FedEx 'Used 9/11 to Profit,' Whistleblower Says

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A whistleblower has alleged that FedEx "used 9/11 to profit," defrauding the government by falsely blaming security delays related to the terror attacks for slow deliveries and then failing to pay penalties for packages that arrived late.

The allegations emerged in a lawsuit that was unsealed this week after FedEx agreed to settle the case with the U.S. Department of Justice for $8 million, without admitting wrongdoing. The case was initially brought to the Justice Department by a former FedEx employee who alleged she had been instructed by managers to justify late deliveries by blaming the beefed-up security measures at government buildings that came after the September 11 terror attacks.

"They used 9-11 to profit," said Mary Garofolo, the former employee. "And they did it for years."

Entire shipments headed for the government were branded with a code – code 5 -- to indicate security delays even before they were loaded into the trucks for delivery, she said. The company was then able to prioritize delivery to private customers without the risk of having to pay out refunds to government customers whose packages were arriving late, the lawsuit claims.

Sally Davenport, a FedEx spokeswoman, said the company still disputes those allegations, telling ABC News that "the government didn't identify one shipment where a security delay code had been applied and where there wasn't a security delay."

"We determined that it was in the best interest of the company to avoid a costly protracted legal battle with the government," she said. "FedEx has worked hard to strike a balance between our customers' need for prompt deliveries and the government's need for the highest level of security."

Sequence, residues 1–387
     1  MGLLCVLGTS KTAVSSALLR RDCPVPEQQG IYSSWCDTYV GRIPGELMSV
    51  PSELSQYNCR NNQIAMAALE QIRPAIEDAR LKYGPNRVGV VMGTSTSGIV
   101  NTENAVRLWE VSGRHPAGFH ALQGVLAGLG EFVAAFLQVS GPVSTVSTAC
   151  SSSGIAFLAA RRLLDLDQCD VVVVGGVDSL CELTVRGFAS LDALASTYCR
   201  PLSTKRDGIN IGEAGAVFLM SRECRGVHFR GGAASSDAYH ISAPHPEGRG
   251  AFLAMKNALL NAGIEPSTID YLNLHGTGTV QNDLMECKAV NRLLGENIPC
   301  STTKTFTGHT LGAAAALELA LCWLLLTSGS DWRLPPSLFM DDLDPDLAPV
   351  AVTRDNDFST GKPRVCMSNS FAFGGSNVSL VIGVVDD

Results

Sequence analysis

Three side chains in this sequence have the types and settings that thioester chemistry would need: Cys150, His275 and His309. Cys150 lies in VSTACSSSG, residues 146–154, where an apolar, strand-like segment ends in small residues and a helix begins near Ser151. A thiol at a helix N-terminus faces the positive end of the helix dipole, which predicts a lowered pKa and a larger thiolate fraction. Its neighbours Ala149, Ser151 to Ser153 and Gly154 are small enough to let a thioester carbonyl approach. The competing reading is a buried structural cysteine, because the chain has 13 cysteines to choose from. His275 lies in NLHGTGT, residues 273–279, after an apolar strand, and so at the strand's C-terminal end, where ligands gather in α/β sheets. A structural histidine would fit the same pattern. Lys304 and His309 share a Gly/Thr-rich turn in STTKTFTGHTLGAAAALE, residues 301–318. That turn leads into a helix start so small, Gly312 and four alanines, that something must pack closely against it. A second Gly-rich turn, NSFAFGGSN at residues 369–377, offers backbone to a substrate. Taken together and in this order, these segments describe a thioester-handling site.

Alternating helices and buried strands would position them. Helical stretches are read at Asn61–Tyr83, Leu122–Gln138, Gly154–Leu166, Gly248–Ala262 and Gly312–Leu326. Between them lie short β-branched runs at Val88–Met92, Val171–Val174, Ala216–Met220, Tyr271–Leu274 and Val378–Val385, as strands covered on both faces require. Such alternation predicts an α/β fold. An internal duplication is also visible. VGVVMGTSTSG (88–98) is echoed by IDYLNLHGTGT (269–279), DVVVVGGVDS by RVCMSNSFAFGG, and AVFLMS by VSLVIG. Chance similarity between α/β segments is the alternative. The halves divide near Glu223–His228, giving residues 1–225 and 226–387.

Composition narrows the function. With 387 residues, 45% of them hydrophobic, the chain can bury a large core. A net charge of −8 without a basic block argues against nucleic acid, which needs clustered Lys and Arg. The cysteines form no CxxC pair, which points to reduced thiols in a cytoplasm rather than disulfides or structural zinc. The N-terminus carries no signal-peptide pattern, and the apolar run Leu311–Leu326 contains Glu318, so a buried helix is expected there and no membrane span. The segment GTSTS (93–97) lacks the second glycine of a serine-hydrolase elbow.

But government officials said they welcomed the lawsuit and the ensuing settlement.

"We cannot let companies cheat the government by failing to live up to their contractual responsibilities and concealing their improper conduct," said Brian D. Miller, Inspector General for the General Services Administration.

Lawyers for Garofolo, who brought the case to the government's attention, claim in their suit that the company made liberal use of the security exemption, not just at one or two facilities, but at federal buildings around the country. They said the Justice Department's decision to pursue the case was evidence of how seriously they took the allegations.

"FedEx's practice was widespread," said Steven McCool, one of Garofolo's lawyers. "They saw an opportunity to keep using the [security] code in a way that allowed them to profit significantly."

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Julie Grohovsky, another one of Garofolo's lawyers, said the use of the security exemption continued at least until the fall of last year, long after their client filed her first legal complaint in 2006. The complaint was unsealed by the U.S. District Court on May 3.

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"We are confident had this case gone to trial there would have been an overwhelming amount of evidence," Grohovsky said.

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